Supporting Medical Students achieve Excellence in Bioethics
Report by Michael Shanahan
For many years Members of the Order in WA have supported medical students at the University of Notre Dame for achieving excellence in Philosophy and Ethics with a prize at the annual awards evening and the Catholic Doctors Association WA supporting the Theology prize.
However with the change from the MBBS to the Doctor of Medicine by the School of Medicine Fremantle in 2017, the School has also changed from delivering the University Core Curriculum from its usual three parts – Philosophy, Theology and Ethics to a single integrated course of Bioethics.
This is reflective of the postgraduate and integrated approach to the medical curriculum based on Problem Based Learning but is still inclusive of the Core Curriculum components.
The Bioethics course is taught by the School of Philosophy and Theology (with School of Medicine input) over the preclinical First and Second years of Medicine.
As a result there is now a single award supported by the Order of Malta, the Catholic Doctors Association WA, and the LJ Goody Bioethics Centre. The value of the prize has been doubled as result of these changes.
This year the prize was presented by Dr. Michael Tandon President of the CDA WA to recipient Sybil Trebeck (pictured).
The University of Notre Dame Fremantle and the School of Medicine have expressed their great appreciation of the Order of Malta for their support of this prize.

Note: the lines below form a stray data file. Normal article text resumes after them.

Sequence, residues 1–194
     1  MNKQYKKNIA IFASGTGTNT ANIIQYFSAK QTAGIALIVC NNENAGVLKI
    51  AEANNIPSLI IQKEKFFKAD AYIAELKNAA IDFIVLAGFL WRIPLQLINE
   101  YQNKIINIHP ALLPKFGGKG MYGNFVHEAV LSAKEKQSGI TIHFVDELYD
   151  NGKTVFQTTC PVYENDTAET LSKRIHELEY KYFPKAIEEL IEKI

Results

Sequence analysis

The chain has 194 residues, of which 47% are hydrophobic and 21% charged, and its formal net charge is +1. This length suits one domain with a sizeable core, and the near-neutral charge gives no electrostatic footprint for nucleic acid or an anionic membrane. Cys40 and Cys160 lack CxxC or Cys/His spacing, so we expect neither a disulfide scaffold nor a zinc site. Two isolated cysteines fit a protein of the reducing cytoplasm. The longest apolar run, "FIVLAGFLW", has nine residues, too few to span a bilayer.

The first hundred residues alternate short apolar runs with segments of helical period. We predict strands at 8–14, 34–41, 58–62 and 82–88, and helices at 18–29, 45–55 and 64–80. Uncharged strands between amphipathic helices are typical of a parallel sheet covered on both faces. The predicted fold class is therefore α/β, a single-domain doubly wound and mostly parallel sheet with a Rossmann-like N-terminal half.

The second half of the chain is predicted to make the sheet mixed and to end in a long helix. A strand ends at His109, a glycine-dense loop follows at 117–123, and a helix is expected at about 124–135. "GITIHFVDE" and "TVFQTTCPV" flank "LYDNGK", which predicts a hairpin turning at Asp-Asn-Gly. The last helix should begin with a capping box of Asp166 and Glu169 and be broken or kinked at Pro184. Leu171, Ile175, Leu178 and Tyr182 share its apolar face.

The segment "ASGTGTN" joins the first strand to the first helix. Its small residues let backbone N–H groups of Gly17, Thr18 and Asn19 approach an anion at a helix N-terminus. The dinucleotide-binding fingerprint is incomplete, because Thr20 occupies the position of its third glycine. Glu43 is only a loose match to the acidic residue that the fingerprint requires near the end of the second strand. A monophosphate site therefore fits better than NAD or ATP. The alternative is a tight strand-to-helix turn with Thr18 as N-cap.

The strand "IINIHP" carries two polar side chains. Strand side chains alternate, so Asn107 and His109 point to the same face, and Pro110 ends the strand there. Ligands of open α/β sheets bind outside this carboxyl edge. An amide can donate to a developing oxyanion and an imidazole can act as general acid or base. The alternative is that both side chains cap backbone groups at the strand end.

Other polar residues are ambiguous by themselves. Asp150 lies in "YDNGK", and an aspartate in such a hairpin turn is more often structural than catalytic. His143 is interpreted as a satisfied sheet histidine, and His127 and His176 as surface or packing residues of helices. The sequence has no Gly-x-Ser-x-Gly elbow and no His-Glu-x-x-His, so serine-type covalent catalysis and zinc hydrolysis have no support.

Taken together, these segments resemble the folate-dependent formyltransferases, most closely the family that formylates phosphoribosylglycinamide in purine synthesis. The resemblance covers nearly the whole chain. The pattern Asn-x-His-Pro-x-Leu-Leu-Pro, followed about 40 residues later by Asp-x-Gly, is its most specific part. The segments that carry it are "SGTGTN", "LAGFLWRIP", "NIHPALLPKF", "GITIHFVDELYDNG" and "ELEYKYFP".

Sybil is studying Doctor of Medicine at the University of Notre Dame in Fremantle. She began her academic career with a Bachelor of Arts from the Australian National University in Canberra. Working casually as a disability support worker during this degree led her to follow immediately with an accelerated Bachelor of Nursing at the University of Technology, Sydney (UTS). During her graduate year as a nurse at St Vincent’s Hospital in Darlinghurst, she discovered that she enjoyed working in mental health, with a particular interest in disadvantaged populations. This led her to complete a Master of Public Health at the University of New South Wales, which in turn facilitated gaining a position as a mental health Clinical Nurse Specialist. This enabled her to run education for peers and new graduate nurses, mentor junior nurses, and devise and implement quality improvement projects, the most significant of which involved improving rates of domestic violence screening by mental health staff. During this time, she also gained a position as a tutor at UTS teaching mental health nursing to undergraduates. In Perth, she continues to work as a nurse in mental health and as a casual academic for Curtin University, facilitating nursing students to complete their clinical practicums.
On receiving the prize, we received the following message of thanks from Sybil;
“I am passionate about bioethics, and was thrilled beyond words to be recognised in this way. Receiving the prize was a very validating and motivating moment in my academic life. I think it will make an enormous difference to my future career, in which I hope to be able to continue to engage with bioethics and other ethical aspects of medical practice.
The prize money is very generous, much appreciated, and enormously helpful at this point in my medical training.”